He said that creating Amazon Prime, a subscription service for quicker shopping delivery and streaming premium media content that now serves 200 million people, was a key move that made Bezos a trailblazer — failures like the Fire Phone notwithstanding.
Atkinson also emphasised the company’s wave of automation, machine learning and robotics, citing these breakthroughs as ultimately beneficial for workers. The company added 500,000 workers in 2020 alone and now employs 1.3 million people worldwide.
Although technology advocates believe these advances will make life easier for manual labourers and enrich society in the United States and elsewhere, sceptics have their doubts.
Jobs in Amazon’s fulfillment centres are highly taxing, with the company taking political flack for not treating its labour force better. Activists hoped in vain — following a failed unionisation drive in Alabama — that a shareholder resolution in May would land an hourly worker on the board.
Lebaron Sims, associate director of policy and research at progressive think-tank Demos, told Al Jazeera that Amazon’s ascent bears strong similarities to big-box retailer Walmart’s trajectory.
“Amazon’s version is not as insidious or parasitic, but is much grander in its scale,” said Sims, referring to both of “their rock-bottom prices led by rock-bottom wages”.
“The way I will remember [Bezos] and his lasting legacy will be an almost shockingly cynical and bleak worldview that has informed Amazon’s institutional design and how it relates to rank-and-file delivery workers,” Sims added, suggesting that the outgoing CEO sees warehouse workers as “lazy” and has relied on “constant surveillance and threats to supervise their work”.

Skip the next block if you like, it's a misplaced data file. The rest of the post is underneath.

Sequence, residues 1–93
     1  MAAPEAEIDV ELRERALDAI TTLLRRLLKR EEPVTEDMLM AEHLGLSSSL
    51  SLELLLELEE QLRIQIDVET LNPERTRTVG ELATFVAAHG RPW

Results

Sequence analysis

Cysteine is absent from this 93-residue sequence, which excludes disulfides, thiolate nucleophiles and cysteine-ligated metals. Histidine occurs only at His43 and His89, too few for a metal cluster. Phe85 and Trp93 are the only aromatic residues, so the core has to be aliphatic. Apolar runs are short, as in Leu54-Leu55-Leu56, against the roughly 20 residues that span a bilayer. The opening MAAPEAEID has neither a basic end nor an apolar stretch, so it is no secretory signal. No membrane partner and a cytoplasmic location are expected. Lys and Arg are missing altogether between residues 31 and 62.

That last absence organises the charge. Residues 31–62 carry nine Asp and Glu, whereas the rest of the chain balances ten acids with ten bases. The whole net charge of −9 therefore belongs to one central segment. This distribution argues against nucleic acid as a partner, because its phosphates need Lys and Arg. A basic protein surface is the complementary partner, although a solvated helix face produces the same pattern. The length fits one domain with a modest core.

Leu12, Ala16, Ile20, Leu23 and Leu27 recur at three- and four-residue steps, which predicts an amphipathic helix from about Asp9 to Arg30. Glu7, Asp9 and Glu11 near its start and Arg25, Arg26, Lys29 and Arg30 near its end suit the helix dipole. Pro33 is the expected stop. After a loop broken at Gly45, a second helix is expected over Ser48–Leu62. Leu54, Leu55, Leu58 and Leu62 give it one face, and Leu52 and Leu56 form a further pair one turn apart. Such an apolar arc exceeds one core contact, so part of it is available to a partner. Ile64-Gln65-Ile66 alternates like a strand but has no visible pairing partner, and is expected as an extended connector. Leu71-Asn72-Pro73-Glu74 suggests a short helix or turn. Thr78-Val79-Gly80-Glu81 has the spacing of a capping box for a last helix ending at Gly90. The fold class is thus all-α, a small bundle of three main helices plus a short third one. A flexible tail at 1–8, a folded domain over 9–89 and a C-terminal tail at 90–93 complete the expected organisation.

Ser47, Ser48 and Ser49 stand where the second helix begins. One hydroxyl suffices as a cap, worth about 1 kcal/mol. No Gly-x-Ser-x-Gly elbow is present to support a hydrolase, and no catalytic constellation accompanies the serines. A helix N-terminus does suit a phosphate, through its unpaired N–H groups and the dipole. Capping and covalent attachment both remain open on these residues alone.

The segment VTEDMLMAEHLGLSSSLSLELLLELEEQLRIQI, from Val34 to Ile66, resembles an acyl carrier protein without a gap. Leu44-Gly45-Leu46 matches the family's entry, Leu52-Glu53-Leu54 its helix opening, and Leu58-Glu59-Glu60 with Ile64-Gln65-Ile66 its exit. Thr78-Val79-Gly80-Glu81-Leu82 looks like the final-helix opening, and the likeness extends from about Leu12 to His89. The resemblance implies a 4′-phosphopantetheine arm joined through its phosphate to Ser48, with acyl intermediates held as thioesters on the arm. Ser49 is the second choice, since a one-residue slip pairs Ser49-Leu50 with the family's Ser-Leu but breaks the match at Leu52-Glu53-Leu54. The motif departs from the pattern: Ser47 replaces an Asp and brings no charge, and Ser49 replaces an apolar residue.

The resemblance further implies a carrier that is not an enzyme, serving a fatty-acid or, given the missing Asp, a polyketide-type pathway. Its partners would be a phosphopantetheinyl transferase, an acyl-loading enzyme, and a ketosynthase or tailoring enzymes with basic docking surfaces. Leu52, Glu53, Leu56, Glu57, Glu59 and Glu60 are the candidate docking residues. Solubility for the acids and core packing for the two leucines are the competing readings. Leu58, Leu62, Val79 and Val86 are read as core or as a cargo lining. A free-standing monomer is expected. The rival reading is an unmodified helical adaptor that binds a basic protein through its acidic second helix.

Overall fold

The company has faced recent controversy for denying that its drivers are forced to urinate in water bottles. And contractors have spoken out against being terminated via email by rogue algorithms, despite apparently doing nothing wrong.
“The turnover, churn, and physical exploitation are baked into every level of their business model,” said Sims, calling employees “serfs reliant solely on the graciousness of their lord”.
“But this essential [Amazon] infrastructure of the internet is a remarkable testament to Bezos’s vision, whether you think that vision is reasonable or not, scary or not,” said Sims.
Other critics say that Amazon ending hazard pay in the middle of the coronavirus pandemic — a booming period for its business — was wrong.
Meanwhile, investments in research and development helped the company take massive tax breaks of $2.3bn in 2020, according to the Institute on Taxation and Economic Policy.